Sausage and Bean Soup
This can be made vegetarian by simply using water or vegetable stock and leaving out the sausage. It will still have a nice smoky flavor from the chipotle pepper, an idea I got from Cynthia Lair’s Feeding the Whole Family.
3 cups white beans (navy or Great Northern) soaked overnight and drained
2 tablespoons olive oil
2 medium onions, chopped
1 medium carrot, chopped
2 stalks celery, chopped
2 cloves garlic, minced
1 dried chipotle pepper, soaked 10 minutes in water (You can find these in the “international” section of many grocery stores. It can be omitted, but really adds nice flavor, and not too much spice.)
8 cups water or vegetable stock or chicken stock, or mixture thereof
2-3 teaspoons sea salt (This depends on how salty your stock is, and if you add sausage or not. Use less to start, and add more if necessary.)
4 teaspoons rice vinegar
1-2 pounds smoked kielbasa or other sausage, sliced
Heat oil in large soup pot, and saute onion, carrot and celery until soft. Add garlic, drained beans, pepper and water or stock. Bring to a simmer, then let cook, just barely simmering, for an hour, or until beans are tender. (If your beans are old, it could take up to two hours!) Add the sausage about halfway through the cooking, and taste to make sure the broth isn’t getting spicier than you want. If so, remove the chili now. Otherwise, let it stay in as long as the beans are cooking. When they are tender, remove chipotle pepper, add salt, vinegar and taste for seasoning.
No-Knead Harvest Bread
makes 4 round loaves
6 ½ cups bread flour or all-purpose flour (bread is preferable, but all-purpose will do fine too)
2 cups whole wheat flour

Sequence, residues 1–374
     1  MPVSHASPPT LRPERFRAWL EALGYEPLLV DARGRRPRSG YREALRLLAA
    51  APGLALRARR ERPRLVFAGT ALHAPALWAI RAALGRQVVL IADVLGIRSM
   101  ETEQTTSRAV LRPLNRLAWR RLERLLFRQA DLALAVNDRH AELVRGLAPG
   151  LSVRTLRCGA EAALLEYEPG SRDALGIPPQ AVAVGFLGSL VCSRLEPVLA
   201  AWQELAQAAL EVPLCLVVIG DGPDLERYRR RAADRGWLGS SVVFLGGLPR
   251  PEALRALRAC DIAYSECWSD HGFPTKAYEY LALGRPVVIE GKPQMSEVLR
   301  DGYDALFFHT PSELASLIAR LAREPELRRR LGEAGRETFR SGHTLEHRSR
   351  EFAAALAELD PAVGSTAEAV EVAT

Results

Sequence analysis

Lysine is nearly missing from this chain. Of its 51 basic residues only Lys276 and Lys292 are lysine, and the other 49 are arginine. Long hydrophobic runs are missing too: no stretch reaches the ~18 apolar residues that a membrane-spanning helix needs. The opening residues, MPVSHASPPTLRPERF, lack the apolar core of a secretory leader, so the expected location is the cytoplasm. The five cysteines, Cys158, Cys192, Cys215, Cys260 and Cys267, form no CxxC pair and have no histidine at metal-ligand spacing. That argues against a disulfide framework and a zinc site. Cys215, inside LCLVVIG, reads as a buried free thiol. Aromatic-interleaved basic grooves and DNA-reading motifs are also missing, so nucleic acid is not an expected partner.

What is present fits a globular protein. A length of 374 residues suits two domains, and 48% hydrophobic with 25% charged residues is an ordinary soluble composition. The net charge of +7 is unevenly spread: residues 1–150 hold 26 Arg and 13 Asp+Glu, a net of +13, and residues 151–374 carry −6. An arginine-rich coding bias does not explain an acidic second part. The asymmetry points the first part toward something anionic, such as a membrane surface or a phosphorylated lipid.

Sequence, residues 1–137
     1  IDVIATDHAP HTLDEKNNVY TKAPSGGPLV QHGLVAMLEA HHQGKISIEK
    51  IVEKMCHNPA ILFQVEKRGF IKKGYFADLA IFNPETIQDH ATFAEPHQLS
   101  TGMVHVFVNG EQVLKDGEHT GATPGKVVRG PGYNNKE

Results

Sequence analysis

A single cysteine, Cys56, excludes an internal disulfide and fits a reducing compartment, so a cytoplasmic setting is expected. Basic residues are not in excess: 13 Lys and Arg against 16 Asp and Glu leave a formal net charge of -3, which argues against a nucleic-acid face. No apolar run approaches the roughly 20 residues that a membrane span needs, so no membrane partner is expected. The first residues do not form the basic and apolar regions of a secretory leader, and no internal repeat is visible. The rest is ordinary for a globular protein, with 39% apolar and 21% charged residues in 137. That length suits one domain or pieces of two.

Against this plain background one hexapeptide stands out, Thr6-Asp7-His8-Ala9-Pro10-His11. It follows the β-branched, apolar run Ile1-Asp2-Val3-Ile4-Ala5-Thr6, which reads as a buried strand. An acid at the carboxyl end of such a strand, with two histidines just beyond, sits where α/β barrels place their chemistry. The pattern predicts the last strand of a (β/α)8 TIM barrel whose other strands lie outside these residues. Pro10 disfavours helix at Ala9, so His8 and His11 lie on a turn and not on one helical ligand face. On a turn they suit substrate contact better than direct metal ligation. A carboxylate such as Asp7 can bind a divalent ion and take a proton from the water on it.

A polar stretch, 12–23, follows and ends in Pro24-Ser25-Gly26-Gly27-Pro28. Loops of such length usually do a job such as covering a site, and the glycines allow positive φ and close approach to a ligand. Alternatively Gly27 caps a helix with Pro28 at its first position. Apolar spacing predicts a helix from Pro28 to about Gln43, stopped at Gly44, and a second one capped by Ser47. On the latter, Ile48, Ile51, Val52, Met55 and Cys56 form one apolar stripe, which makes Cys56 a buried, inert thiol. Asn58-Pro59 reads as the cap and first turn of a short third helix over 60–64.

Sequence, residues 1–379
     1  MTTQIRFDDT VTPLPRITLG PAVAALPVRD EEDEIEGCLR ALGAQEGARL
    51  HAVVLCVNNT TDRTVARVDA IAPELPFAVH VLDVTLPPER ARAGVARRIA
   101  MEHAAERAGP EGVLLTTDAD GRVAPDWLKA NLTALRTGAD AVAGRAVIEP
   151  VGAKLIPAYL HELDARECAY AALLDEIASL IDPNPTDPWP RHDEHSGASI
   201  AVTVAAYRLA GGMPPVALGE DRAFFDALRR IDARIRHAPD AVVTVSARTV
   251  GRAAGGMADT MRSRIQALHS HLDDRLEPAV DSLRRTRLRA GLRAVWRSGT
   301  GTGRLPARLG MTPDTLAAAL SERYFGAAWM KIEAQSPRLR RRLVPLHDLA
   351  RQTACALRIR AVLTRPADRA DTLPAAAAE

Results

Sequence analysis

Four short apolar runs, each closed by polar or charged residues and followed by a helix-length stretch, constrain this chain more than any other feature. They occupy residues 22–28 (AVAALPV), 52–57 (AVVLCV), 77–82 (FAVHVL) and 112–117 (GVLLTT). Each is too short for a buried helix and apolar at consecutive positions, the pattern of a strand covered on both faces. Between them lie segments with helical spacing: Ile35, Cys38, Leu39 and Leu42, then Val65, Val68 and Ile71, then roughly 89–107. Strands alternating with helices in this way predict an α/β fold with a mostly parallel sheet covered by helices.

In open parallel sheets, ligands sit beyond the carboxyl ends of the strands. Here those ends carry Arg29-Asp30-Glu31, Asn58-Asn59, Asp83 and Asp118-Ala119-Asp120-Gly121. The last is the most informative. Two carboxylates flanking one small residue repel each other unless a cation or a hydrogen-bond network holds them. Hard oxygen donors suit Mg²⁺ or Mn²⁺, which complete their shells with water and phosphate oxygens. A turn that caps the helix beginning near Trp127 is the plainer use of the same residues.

4 teaspoons salt
1 ½ teaspoon yeast
3 1/2-4 cups cool water
1 ½ cup dried cranberries
1 cup raisins
2 cups chopped nuts, pecans or walnuts
Stir together the flours, salt, yeast and water until you have a cohesive, moist dough. (This will be way too wet to knead.) Stir in dried fruit and nuts, then let sit overnight, or for at least 8 hours. The next morning, sprinkle flour around the edges of the bowl, then turn dough out onto a floured board. A dough scraper is very helpful in this. Divide into four sections, and form into round loaves. Don’t worry too much about the shape. Place loaves on parchment-covered baking pans (two per pan), drape with a towel and let rise another 2 hours. Bake at 450°F for 30-45 minutes, until the the bottom sounds hollow when knocked or the internal temperature reaches at least 200°F. The crust will get dark, which improves flavor, but if it is getting too dark, just cover lightly with foil. Let cool on cooling rack before slicing.
Autumn River Salad
3 large apples, your favorite variety, sliced thinly
4 oz crumbled cheese–blue is our favorite, but feta or cheddar is good too. Anything you like with apples!
4 tablespoons chopped toasted walnuts or pecans
2 heads romaine, washed, trimmed and cut into salad-sized pieces
2 bunches watercress, arugula, or other spicy greens, washed and trimmed if necessary
1 Tablespoon dijon mustard
½ cup white wine vinegar or apple cider vinegar
½ teaspoon dill
¼ teaspoon freshly grated nutmeg
⅛ teaspoon sea salt
A few twists of freshly ground pepper
⅓ cup olive oil
Combine mustard, vinegar, dill, nutmeg, salt and pepper. Add oil slowly, whisking constantly. Stir again vigorously before using.
In a small bowl, mix apples, cheese, nuts and 4 tablespoons vinaigrette. Refrigerate 4-6 hours. Place greens in a large bowl, and toss with apple-nut mixture and more dressing, if desired, before serving.
Monte Peterson writes, bakes and tends her family in Ohio. Find more at Notes From An Escalator.